In the last days, while looking for a way to do image cropping in ASP.NET, I found out several high quality tools that do the job very well. The main one is a great jQuery plugin called jCrop. It has many useful features out of the box coupled with a well forged look and feel, which made me choose to use it with no doubt.
What I needed, exactly, was a way to enable users to upload pictures and crop them on the fly before storing them on the website database. I often use ASP.NET dynamic data to build complete and fully functional data driven websites in minutes. ASP.NET Dynamic Data is based on page templates and field templates that are brought together in runtime using user controls, in order to generate custom forms for manipulating the database tables.
One of these field templates, is DbImage, which is available in the Dynamic Data preview 4 on Codeplex. Basically, it maps a binary table column to a user control that consists of a FileUpload control, which you can use to upload the image. Then, the image bytes are stored in the database. It is obviously not the best way to store images on a database, but it is extremely convenient. In an ideal scenario, the table would only point to the actual path of the image on the disk.
So, my work was to couple together jCrop and ASP.NET Dynamic Data DbImage control, so that the user may choose to crop the image just before it is saved to the database.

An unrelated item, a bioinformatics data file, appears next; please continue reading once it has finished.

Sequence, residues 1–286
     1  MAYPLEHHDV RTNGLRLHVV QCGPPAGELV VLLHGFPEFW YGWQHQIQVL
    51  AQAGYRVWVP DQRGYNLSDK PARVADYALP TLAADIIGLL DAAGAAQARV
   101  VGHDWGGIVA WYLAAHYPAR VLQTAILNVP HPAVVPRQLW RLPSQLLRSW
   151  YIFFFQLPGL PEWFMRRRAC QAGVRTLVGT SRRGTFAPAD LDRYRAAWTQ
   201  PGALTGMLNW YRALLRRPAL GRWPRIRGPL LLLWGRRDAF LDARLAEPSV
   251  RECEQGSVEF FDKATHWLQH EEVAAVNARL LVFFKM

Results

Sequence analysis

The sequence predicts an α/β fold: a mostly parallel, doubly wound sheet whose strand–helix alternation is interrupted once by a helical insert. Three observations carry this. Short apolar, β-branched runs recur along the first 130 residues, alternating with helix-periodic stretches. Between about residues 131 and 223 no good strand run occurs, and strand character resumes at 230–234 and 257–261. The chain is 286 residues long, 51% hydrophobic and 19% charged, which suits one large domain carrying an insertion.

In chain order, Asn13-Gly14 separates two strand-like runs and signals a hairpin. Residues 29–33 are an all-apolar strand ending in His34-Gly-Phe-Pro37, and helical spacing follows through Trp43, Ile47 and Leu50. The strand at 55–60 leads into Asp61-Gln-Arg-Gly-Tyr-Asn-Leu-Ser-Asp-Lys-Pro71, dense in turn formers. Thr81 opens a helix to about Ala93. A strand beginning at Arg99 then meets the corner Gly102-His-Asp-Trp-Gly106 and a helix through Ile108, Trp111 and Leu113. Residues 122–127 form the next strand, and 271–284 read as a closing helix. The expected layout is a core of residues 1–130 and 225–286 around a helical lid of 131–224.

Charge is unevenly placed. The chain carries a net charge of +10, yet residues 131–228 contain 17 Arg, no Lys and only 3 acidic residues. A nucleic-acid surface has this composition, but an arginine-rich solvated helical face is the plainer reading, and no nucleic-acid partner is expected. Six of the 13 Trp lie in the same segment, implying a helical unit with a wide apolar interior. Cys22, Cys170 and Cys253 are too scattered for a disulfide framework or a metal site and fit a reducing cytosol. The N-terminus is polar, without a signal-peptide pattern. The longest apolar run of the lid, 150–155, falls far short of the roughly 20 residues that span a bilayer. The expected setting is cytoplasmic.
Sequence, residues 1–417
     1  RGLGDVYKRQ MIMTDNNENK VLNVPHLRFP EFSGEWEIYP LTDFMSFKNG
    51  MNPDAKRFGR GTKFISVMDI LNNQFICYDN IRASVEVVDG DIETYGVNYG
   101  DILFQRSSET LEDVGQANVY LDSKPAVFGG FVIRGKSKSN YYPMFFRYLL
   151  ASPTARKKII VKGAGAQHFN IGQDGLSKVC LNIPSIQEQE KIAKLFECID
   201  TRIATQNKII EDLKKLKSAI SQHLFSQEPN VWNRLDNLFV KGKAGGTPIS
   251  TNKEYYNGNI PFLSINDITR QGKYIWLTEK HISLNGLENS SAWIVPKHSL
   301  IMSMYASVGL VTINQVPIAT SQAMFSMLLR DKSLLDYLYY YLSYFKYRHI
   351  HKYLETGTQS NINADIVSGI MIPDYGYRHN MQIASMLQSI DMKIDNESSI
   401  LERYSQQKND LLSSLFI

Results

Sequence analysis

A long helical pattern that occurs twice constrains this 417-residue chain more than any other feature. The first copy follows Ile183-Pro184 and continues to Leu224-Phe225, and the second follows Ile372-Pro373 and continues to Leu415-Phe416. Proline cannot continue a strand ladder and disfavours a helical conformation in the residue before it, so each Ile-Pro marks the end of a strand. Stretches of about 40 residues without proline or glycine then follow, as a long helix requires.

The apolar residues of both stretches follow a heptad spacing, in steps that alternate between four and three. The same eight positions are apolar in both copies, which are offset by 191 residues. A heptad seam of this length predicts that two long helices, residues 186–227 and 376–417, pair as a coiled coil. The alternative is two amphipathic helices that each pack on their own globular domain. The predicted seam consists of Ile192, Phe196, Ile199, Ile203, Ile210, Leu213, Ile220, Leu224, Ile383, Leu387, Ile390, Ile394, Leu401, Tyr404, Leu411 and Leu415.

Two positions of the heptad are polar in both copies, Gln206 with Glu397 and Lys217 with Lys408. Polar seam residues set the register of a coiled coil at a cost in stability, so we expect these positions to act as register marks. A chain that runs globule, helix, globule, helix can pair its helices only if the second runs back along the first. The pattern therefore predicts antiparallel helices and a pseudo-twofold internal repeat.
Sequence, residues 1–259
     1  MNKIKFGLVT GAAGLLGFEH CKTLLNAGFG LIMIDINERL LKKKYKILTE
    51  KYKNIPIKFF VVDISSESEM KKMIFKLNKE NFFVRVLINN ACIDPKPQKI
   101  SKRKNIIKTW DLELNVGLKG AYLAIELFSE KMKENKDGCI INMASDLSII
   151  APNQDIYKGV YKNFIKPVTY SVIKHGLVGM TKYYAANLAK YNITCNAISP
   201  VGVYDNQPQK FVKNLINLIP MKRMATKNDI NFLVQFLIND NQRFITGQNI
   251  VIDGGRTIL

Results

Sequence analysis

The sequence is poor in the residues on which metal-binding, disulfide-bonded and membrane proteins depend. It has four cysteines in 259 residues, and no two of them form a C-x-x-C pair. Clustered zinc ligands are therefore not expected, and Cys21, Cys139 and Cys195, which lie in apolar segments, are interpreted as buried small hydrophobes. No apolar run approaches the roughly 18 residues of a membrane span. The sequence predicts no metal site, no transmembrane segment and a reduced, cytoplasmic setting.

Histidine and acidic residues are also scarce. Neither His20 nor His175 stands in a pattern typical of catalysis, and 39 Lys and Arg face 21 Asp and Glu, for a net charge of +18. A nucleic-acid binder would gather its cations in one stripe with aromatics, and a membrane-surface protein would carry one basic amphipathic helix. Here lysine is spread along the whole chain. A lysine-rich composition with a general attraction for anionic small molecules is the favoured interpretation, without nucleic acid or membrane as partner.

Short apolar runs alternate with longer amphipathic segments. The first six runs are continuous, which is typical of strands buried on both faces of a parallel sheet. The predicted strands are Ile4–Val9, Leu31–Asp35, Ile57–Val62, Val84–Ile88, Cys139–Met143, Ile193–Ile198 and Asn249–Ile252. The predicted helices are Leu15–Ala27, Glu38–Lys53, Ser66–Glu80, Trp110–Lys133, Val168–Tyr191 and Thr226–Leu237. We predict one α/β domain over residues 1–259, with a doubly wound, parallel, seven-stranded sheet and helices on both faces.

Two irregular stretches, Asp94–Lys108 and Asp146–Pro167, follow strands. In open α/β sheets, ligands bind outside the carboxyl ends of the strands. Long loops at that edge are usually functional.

I found a very complete and interesting post on this topic at mikesdotnetting.com, which handles the actual image cropping part of the work with C#.
My work was then based on Mike’s post and jCrop, putting it all together inside a DbImage to enable the whole workflow. The general flow is strongly based on Mike’s code using panels and hidden fields to store the selected X, Y, Width and Height, but I moved to a more wizard-like flow, which should be more straightforward to the regular user.
I first added a “Crop..” button to the control that should launch jCrop with the selected image file.
Next step was to open a AJAX ModalPopupExtender and show the selected image ready to be cropped with jCrop:
Last step, check the cropped image and finish the Wizard:
The cropped image is then scaled down and added to the form:
In order to scale down the cropped image, I used a code from Rick Strahl and added to a page called GetThumb.aspx. This page receives the desired filename in the query string, fetches it from the crop temporary files directory and writes it to the response stream.
I am providing the whole set of files needed to accomplish this in a zip file. Follow these instructions for setup:
Put the DbImage_Edit.ascx* files in the **
Put the GetThumb.aspx* files in the website root (“~” folder);
Put the Limaf.Tools.Web.dll file in
\bin folder (the Crop and Thumb functions are there).
Create an ‘images’ folder in your project root
If you prefer, you can copy/paste get Mike’s Crop and Rick’s Thumbnails functions yourself and build them as part of the website. In this case, step 3 above is not needed.
I may have forgotten a file or a step or two, so please let me know if anything goes wrong.
Till next time!